Kelly Ross, "Slavery, Surveillance and Genre in Antebellum United States Literature" (Oxford UP, 2022)


Slavery, Surveillance and Genre in Antebellum United States Literature (Oxford UP, 2022) argues for the existence of deep, often unexamined, interconnections between genre and race by tracing how surveillance migrates from the literature of slavery to crime, gothic, and detective fiction. Attending to the long history of surveillance and policing of African Americans, the book challenges the traditional conception of surveillance as a top-down enterprise, equally addressing the tactics of sousveillance (watching from below) that enslaved people and their allies used to resist, escape, or merely survive racial subjugation.

Examining the dialectic of racialized surveillance and sousveillance from fugitive slave narratives to fictional genres focused on crime and detection, the book shows how these genres share a thematic concern with the surveillance of racialized bodies and formal experimentation with ways of telling a story in which certain information is either rendered visible or kept hidden. Through close readings of understudied fugitive slave narratives published in the 1820s and 1830s, as well as texts by Edgar Allan Poe, Herman Melville, Frederick Douglass, Hannah Crafts, and Harriet Jacobs, Ross analyzes the different ways white and black authors take up these issues in their writing--from calming white fears of enslaved rebellion to abolishing slavery--and demonstrates how literary representations ultimately destabilize any clear-cut opposition between watching from above and below. In so doing, the book demonstrates the importance of race to surveillance studies and claims a greater role for the impact of surveillance on literary expression in the US during the era of slavery.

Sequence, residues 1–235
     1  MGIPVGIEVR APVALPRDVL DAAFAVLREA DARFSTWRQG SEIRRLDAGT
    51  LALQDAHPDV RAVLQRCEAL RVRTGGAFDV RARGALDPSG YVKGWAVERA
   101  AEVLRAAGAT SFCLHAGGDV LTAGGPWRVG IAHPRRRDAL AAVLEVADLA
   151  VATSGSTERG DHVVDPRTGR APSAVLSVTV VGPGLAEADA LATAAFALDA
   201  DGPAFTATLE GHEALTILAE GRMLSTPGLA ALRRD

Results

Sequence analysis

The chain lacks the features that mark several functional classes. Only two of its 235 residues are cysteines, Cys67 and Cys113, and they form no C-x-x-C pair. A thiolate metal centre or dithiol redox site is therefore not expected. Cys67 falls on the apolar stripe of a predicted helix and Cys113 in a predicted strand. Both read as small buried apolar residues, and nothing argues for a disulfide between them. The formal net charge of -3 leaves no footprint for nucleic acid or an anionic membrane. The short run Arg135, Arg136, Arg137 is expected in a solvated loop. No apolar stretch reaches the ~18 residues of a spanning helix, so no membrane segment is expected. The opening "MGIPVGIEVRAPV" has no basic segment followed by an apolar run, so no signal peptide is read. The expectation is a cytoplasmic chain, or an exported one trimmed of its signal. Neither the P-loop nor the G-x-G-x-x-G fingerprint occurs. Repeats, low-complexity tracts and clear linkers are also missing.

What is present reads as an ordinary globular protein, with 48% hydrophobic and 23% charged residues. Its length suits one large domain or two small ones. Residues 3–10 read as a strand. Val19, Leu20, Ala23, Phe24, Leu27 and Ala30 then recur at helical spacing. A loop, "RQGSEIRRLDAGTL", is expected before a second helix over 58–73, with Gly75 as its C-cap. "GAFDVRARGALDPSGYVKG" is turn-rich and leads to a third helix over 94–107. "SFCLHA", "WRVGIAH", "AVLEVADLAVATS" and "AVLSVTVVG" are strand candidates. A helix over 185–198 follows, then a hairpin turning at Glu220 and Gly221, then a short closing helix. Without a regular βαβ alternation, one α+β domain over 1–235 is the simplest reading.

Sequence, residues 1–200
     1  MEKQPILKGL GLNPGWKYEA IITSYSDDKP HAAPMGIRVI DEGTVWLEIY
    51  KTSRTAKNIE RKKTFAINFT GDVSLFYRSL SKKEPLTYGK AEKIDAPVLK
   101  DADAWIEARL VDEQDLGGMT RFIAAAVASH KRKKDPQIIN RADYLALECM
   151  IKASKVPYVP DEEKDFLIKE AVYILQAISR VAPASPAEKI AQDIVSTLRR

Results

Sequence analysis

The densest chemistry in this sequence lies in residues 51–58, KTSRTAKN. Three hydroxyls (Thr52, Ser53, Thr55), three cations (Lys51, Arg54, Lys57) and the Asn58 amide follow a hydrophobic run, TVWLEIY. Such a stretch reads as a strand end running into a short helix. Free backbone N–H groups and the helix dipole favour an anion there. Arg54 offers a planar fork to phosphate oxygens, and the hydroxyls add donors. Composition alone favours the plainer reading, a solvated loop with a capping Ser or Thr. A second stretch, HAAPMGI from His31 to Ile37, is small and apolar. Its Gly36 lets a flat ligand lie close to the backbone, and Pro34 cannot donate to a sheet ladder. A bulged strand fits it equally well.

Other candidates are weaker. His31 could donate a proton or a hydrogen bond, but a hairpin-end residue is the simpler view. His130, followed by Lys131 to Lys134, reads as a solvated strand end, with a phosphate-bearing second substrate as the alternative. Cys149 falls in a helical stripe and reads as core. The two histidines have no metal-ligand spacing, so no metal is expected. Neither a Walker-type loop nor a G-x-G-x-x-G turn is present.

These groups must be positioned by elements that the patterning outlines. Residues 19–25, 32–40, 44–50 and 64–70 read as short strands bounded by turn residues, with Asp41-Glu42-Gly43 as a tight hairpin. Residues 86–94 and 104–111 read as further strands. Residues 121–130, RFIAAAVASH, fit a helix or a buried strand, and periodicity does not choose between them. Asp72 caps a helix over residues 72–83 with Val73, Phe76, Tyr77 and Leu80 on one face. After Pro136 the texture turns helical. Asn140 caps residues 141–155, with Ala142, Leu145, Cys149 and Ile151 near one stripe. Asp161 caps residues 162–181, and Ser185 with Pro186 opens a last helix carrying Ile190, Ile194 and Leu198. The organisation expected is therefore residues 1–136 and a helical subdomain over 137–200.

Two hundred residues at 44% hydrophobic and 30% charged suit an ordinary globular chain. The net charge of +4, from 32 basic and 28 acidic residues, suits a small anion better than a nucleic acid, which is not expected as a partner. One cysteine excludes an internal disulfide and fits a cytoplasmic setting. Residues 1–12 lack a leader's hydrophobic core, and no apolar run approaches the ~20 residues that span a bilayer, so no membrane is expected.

Kendall Dinniene is a PhD candidate in English at Southern Methodist University in Dallas, Texas. Their research examines how contemporary American authors respond to anti-fatness in their work, revealing the contours of citizenship and paths toward liberation.

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Kendall Dinniene

Kendall Dinniene is a PhD candidate in English at Southern Methodist University in Dallas, Texas. Their dissertation will examine how American fiction variously affirms, complicates, and resists dominant notions of fatness, and reveals how these notions are intertwined with and produce ideas about race, gender, sexuality, health, (dis)ability, criminality, and national identity. Their work relies upon queer theory, crip theory, Black feminism, and fat studies scholarship alongside literary criticism to argue that how we understand fatness is crucial to the way we understand (and make) our world.

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